Flood routing models, as is widely known, are used to anticipate the changing magnitude, speed, and form of a flood wave as a function of time at one or more places. Hydrological river routing models are the critical components of the software that is used to mimic the whole hydrologic processes of dendritic watershed systems. The conventional linear Muskingum model, for example, has been utilized in HEC-HMS (Hydrologic Modeling System) and SWAT (Soil and Water Assessment Tool). The suggested distributed hydrological Muskingum model may be used in such software to reduce uncertainty in flood simulation.

Moreover, the Muskingum method is a simplification of the complex hydrological processes that occur in a river system, and it does not consider lateral inflow by default. However, if the lateral inflow is significant and has a noticeable impact on the overall behavior of the system, including it in the model can lead to an improved accuracy. In this paper, a novel method for nonlinear Muskingum flood routing models is provided. The suggested method involves segmenting each river reach into sub-reaches, with the Muskingum process being conducted separately for each sub-reach to increase the precision of conventional or single-reach Muskingum model results. The suggested method is then included in an optimization model that makes use of the WOA. By minimizing the differences between the observed and simulated outflows of the flood event, the WOA-based optimization model aims to establish the dimensions and related model parameters within each reach.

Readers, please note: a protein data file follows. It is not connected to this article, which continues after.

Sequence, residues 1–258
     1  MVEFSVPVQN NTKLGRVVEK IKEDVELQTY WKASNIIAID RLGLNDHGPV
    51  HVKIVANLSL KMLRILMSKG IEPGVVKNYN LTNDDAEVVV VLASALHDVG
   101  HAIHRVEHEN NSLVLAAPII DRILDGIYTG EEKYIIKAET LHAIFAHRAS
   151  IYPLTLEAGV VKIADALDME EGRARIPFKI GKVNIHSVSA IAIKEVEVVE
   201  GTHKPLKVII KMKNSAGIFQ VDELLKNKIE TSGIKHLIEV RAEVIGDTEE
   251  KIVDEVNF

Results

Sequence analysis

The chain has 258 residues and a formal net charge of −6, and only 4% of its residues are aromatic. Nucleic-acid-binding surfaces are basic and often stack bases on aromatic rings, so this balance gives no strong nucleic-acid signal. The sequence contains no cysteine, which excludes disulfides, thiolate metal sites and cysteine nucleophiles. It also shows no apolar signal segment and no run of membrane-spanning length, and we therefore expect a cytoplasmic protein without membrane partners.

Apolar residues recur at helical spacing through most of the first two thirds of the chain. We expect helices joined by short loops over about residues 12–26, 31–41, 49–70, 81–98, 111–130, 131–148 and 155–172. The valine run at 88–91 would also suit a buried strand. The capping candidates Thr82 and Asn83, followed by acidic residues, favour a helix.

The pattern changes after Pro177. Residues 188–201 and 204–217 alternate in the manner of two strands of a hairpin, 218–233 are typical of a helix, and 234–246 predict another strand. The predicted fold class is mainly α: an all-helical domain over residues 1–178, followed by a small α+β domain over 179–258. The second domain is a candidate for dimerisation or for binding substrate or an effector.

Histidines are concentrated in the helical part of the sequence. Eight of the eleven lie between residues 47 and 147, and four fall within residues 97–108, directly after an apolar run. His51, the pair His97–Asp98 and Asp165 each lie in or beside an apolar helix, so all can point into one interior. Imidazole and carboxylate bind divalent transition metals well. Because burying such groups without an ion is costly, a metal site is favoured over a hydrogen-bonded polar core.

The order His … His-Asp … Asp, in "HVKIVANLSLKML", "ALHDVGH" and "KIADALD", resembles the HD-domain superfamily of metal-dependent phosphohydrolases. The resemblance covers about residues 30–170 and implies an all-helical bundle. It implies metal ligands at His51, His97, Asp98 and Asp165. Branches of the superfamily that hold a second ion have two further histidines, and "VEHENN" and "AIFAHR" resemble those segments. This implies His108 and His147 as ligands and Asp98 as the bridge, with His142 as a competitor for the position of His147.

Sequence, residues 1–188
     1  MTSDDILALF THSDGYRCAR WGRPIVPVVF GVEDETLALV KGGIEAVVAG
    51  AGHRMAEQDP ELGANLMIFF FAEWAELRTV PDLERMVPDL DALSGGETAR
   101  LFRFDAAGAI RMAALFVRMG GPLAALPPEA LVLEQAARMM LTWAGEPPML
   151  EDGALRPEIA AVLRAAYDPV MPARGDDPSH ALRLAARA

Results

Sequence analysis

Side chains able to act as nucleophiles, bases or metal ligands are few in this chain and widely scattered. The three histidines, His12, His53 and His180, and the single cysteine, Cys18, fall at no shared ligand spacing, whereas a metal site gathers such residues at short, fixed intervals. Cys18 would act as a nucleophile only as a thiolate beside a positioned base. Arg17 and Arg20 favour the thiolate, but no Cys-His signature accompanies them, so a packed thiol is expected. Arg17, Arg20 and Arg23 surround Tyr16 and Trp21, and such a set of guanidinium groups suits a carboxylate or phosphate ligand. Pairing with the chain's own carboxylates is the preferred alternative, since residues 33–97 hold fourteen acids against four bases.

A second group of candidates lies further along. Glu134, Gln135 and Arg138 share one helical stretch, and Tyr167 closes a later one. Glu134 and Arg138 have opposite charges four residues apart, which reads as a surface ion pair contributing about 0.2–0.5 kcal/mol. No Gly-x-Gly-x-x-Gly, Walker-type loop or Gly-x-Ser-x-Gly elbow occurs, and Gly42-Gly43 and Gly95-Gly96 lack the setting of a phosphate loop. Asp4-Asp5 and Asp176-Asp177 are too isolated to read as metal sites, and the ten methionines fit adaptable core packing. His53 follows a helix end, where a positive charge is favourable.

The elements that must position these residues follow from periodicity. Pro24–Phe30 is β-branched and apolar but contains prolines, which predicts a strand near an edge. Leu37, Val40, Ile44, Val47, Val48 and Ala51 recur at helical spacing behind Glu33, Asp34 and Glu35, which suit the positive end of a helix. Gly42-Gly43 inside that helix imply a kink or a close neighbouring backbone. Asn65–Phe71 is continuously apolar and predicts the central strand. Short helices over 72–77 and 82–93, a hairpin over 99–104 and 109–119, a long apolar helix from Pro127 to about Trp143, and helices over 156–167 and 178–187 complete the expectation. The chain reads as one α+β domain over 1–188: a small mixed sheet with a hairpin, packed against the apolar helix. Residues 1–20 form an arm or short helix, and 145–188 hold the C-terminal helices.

The results also show that when the lateral inflow is implemented in the Muskingum model for Lawler and Dinavar's flood data, the single-reach Muskingum model has significantly more accuracy than the multi-reach Muskingum model, whereas the multi-reach Muskingum model has better results for the flood data cited by Wilson, Wye, Linsley, and Viessman and Lewis. For example, in the case of the Lawler flood data, the results indicate that NR = 1 outperforms other reach numbers, with parameters *K* = 0.392, *x* = 0.027, *m* = 1.511, and *β* = 0.010. But in the Wilson flood data case, the optimized Muskingum model parameters were determined with NR = 3: *K* = 0.865, *x* = 0.043, *m* = 1.478, and *β* = −0.008. Notably, PEC for NR = 3 showed favorable values: SSE = 7.013 cm^{2}, SAD = 90.142 cm, and DPO = 0.467 cm. These results demonstrate that the proposed distributed hydrological Muskingum model, incorporating lateral flow, yielded significantly improved results compared to existing models.

## DATA AVAILABILITY STATEMENT

All relevant data are included in the paper or its Supplementary Information.

## CONFLICT OF INTEREST

The authors declare there is no conflict.